Topic: Accountability Chart
Advice and Insight for Entrepreneurs and Leadership Teams
One of the first things an EOS Implementer™ does when working with clients is to determine the right structure for the organization using the Accountability Chart. While this can be a straightforward exercise for your senior leadership team, some of your team members may have difficulty when it's time to build out the Accountability Chart for their own departments.
Here are a few tips to help you navigate this process with your team.
In recent quarters, I’ve had four clients with the same issue.
In each case, the leadership team was puzzled and felt stymied. The companies had been running on EOS® for about a year and a half and during that time, they had experienced big growth in revenue and profits. But then it stalled out without …
About six months ago at an EOS® Quarterly Collaborative Exchange™, the community discussed the concept of The Reverse Accountability Chart. The purpose of the tool is to prepare your organization for an economic downturn.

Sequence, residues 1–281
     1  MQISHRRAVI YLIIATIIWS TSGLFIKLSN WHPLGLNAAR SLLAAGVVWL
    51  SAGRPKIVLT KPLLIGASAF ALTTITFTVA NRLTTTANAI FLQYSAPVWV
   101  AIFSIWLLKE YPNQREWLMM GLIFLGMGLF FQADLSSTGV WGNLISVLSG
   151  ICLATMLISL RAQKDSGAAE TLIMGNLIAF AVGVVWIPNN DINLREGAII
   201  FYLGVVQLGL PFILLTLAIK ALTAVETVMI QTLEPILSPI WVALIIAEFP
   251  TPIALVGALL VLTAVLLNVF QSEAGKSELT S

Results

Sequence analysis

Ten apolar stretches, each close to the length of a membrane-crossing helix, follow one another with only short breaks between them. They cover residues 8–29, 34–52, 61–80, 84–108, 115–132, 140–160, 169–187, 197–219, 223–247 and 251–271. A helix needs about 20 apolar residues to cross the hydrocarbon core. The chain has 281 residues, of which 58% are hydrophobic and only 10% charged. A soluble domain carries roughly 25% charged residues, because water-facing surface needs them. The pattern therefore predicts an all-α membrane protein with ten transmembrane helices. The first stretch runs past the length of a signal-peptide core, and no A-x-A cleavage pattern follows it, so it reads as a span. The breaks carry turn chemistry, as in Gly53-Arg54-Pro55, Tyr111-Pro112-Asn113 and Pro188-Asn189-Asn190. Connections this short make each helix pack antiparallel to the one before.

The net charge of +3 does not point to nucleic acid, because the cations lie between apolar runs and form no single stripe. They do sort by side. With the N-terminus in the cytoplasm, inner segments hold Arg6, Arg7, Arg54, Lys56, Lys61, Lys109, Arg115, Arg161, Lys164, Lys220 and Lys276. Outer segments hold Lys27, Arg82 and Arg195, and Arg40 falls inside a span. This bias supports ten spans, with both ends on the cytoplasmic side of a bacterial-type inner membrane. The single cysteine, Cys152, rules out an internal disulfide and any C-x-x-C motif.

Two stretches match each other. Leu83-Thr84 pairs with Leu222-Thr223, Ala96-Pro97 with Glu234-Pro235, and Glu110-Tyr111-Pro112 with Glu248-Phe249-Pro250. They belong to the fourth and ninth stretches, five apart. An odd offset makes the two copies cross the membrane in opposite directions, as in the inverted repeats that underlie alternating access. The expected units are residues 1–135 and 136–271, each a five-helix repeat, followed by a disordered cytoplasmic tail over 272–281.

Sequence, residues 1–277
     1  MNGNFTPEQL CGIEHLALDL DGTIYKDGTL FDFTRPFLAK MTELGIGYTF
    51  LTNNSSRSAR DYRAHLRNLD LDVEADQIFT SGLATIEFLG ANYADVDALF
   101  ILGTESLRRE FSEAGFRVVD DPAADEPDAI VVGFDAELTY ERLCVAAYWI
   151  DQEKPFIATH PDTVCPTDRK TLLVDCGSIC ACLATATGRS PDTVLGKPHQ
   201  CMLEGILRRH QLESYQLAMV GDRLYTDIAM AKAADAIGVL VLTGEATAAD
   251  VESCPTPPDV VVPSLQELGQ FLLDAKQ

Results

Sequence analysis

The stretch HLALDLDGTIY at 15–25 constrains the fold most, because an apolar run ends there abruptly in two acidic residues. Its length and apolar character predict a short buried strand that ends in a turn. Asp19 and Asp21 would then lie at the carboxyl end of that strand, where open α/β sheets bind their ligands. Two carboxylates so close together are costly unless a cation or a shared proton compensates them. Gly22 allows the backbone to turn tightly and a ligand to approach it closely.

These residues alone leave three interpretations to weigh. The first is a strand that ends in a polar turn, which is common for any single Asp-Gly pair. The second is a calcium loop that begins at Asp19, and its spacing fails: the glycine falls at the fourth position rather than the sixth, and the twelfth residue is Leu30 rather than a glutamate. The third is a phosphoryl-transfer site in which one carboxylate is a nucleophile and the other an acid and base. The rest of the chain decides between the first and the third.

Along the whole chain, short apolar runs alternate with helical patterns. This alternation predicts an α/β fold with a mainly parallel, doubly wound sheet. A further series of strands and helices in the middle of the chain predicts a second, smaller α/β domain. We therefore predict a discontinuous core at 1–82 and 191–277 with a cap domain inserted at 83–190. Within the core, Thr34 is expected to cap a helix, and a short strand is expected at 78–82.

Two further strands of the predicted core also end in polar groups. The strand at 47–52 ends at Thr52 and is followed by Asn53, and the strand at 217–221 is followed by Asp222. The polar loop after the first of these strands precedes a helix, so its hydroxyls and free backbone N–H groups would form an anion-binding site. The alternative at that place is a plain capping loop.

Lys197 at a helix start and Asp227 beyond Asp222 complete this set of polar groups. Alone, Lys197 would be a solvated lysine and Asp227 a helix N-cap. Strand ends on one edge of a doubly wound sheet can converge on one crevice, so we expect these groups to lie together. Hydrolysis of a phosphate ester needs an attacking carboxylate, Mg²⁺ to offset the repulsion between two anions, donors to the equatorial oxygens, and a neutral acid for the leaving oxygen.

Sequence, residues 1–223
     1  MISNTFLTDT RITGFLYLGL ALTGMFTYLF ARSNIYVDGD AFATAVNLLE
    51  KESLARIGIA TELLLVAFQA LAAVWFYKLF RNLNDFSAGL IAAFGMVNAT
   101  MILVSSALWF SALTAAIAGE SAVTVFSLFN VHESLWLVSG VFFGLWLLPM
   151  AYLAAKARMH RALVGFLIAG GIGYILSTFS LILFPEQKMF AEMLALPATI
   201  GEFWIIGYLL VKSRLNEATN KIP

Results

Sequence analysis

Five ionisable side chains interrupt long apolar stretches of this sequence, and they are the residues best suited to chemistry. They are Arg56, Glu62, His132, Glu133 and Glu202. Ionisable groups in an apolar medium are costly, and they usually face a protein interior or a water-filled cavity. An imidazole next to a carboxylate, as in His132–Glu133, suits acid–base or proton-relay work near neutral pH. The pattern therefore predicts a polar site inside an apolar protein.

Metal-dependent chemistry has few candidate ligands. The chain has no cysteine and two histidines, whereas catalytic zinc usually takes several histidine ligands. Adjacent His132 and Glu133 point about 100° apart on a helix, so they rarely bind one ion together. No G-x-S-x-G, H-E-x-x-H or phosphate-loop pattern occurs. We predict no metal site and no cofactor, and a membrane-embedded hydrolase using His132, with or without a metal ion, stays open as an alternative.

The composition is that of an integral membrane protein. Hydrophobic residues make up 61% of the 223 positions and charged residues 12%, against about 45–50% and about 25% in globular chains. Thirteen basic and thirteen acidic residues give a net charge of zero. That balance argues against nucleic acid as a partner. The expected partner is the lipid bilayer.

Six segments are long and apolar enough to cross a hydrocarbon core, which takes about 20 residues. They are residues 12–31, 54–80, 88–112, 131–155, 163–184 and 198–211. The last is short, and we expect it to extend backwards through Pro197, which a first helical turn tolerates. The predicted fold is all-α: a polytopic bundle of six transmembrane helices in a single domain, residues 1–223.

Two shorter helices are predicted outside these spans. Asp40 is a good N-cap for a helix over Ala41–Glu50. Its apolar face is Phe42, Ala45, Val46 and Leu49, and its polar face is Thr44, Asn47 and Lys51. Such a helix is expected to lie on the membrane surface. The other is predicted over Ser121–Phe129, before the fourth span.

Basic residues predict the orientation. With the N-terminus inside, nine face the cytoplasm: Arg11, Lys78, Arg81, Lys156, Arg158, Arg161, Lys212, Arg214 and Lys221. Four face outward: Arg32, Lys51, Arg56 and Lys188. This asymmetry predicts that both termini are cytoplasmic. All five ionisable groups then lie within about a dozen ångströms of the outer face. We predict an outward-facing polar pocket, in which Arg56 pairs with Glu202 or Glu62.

Most organizations don’t know how to prepare for a recession and they become paralyzed. By teaching our clients The Reverse Accountability …
Knowing which employees really “belong” in your company is a puzzle.
Life and business go smoothly when your people fit your company’s culture (“Right Person”) and sit in seats that they’re ideally built for (“Right Seat”).
On the flip side, the cost of getting it wrong is also very real. So how do you know if you have the Right People sitting in the Right Seats?
One of the toughest obstacles for a leadership team of a company to overcome is “vulnerability-based trust” where it’s safe to have conflict and take risks rather than fear them. It’s human nature to avoid uncomfortable or risky situations.
Sure, there are people who are calm, cool and collected when the heat rises in a meeting but most become quiet or at least wait till someone else breaks the ice.